Iraqi fishermen suffer in Iran, Kuwait border feud
By Mohammed Abbas
AL FAW PENINSULA, Iraq (Reuters) - Fins and gills flash silver in the dawn light as Iraqi fishermen offload their catch, relieved to be back from waters jealously guarded by two of Iraq's erstwhile war-time foes, Iran and Kuwait.
Iraqi fishermen say they often run into trouble with the Kuwaiti and Iranian navies that patrol maritime borders contested by Iraq and its neighbors, caught on the front line of a dispute that has previously led to war.
"The problem is the borders. They're not defined and that leaves us open to being stopped, robbed and beaten," said fisherman Khalil Abood, standing among mounds of fish spread before buyers at southern Iraq's Al Faw Peninsula docks.
Fellow fisherman Yassin Yasser agrees.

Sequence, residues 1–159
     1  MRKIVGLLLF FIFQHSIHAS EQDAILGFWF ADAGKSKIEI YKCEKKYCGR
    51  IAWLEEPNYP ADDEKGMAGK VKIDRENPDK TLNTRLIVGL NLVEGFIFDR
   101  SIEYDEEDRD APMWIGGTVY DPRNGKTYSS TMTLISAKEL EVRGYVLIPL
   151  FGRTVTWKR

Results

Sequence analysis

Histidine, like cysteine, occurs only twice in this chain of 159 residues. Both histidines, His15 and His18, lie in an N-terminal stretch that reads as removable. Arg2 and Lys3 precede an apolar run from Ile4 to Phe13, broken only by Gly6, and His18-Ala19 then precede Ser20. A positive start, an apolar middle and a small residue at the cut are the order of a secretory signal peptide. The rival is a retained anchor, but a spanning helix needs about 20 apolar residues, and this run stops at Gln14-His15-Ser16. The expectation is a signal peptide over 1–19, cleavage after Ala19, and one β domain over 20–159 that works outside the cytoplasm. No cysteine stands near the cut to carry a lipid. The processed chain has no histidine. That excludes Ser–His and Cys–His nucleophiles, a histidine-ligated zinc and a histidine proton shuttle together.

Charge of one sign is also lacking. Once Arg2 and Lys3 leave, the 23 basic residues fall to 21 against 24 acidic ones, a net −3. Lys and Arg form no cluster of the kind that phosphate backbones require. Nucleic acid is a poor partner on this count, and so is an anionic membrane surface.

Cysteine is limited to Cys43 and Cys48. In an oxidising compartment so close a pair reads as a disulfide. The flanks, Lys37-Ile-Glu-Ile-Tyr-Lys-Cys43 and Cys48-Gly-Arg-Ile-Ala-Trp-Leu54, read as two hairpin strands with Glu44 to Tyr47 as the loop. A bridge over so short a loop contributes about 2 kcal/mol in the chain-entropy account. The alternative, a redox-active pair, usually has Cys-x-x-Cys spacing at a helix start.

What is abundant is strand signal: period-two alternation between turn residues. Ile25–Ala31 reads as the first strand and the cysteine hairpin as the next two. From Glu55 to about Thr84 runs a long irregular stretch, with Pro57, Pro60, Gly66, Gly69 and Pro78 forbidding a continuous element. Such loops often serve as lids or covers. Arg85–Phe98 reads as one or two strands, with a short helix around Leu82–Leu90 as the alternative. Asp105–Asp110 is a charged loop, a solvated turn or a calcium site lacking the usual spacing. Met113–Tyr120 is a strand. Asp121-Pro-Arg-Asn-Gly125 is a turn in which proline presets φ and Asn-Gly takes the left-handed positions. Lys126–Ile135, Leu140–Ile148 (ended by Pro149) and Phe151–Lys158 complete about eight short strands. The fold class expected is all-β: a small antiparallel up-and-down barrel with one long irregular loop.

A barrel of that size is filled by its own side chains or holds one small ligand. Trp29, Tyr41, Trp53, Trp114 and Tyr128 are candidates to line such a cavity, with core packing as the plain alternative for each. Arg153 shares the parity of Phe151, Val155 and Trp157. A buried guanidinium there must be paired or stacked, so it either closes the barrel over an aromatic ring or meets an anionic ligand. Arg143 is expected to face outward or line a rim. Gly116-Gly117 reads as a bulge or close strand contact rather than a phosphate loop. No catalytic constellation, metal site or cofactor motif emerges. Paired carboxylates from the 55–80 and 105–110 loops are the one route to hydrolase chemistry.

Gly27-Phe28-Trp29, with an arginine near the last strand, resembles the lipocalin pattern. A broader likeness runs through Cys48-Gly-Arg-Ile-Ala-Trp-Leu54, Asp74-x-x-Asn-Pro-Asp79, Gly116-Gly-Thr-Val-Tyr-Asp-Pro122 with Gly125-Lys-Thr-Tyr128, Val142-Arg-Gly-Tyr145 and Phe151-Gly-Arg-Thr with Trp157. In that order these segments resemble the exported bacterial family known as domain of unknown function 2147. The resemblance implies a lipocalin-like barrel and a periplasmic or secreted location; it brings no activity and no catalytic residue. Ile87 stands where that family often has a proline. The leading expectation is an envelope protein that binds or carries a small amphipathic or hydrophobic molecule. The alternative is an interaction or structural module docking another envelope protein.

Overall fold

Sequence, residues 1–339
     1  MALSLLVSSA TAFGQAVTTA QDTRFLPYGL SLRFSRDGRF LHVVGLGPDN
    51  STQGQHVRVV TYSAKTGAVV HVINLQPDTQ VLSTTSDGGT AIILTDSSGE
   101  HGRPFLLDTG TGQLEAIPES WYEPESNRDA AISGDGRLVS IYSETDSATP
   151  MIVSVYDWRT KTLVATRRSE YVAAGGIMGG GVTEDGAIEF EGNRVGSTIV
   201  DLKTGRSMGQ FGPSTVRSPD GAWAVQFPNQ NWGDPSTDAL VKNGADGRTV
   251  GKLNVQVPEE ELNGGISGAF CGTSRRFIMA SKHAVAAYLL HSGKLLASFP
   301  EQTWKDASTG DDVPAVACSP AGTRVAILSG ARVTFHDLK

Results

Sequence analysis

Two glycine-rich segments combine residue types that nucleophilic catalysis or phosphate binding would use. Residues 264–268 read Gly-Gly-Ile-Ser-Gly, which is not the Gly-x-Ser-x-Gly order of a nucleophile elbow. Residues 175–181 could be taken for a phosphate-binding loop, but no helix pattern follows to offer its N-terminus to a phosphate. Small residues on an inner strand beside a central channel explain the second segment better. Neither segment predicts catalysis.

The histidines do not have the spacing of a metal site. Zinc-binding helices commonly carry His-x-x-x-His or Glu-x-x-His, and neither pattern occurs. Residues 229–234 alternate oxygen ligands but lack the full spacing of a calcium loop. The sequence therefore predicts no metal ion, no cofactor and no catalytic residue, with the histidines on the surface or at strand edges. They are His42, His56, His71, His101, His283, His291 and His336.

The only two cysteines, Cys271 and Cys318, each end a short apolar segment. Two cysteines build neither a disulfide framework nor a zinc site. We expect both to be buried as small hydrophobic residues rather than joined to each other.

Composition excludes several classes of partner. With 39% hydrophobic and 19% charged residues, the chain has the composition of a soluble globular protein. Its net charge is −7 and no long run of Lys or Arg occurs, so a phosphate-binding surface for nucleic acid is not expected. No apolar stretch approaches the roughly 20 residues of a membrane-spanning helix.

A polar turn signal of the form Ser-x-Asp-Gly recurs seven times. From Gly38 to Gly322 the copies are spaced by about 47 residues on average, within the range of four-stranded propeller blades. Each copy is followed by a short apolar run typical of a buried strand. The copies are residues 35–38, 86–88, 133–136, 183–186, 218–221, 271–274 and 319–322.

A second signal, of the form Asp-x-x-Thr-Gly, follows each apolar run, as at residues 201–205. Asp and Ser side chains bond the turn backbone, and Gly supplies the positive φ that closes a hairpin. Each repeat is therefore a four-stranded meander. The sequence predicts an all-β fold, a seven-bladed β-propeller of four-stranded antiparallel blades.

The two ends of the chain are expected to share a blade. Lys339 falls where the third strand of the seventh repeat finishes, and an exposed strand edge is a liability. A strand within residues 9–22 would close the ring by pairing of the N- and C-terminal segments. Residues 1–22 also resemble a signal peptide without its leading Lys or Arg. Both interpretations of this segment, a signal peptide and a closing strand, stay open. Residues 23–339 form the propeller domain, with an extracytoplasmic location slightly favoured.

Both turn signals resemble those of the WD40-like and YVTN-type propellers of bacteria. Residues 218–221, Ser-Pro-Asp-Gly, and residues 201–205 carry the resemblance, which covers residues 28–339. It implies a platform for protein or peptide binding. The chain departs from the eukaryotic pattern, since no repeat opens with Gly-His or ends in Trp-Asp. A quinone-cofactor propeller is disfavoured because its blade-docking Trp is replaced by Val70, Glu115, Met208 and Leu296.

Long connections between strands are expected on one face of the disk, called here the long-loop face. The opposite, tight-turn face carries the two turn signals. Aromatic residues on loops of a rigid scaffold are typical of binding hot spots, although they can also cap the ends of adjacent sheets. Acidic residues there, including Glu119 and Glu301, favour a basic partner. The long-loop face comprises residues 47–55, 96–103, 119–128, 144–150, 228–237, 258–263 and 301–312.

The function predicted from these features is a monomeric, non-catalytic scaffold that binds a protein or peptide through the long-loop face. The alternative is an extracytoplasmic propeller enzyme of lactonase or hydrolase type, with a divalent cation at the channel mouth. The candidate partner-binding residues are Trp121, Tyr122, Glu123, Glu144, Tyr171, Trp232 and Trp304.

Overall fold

"When we go out, everyone's after us, the Kuwaitis and the Iranians," he said, while expertly treading the flimsy planks between the boats and dock.
Control of the Shatt al-Arab waterway, a stretch of water between Iran and Iraq that passes Faw and opens out into the Gulf, was one of the main reasons for the costly and bitter war between the two countries that lasted through most of the 1980s.
The dispute over the boundary is still not settled, and as recently as 2007 Iran detained 15 British sailors for straying into its territory. Britain said they were in Iraqi waters.
Kuwait and Iraq have also yet to define a sea border in settlement talks since Iraq's 1990 invasion. Some at the docks say Iraqis are viewed with hostility by many Iranians and Kuwaitis still bitter over Iraq's wars against them. Continued...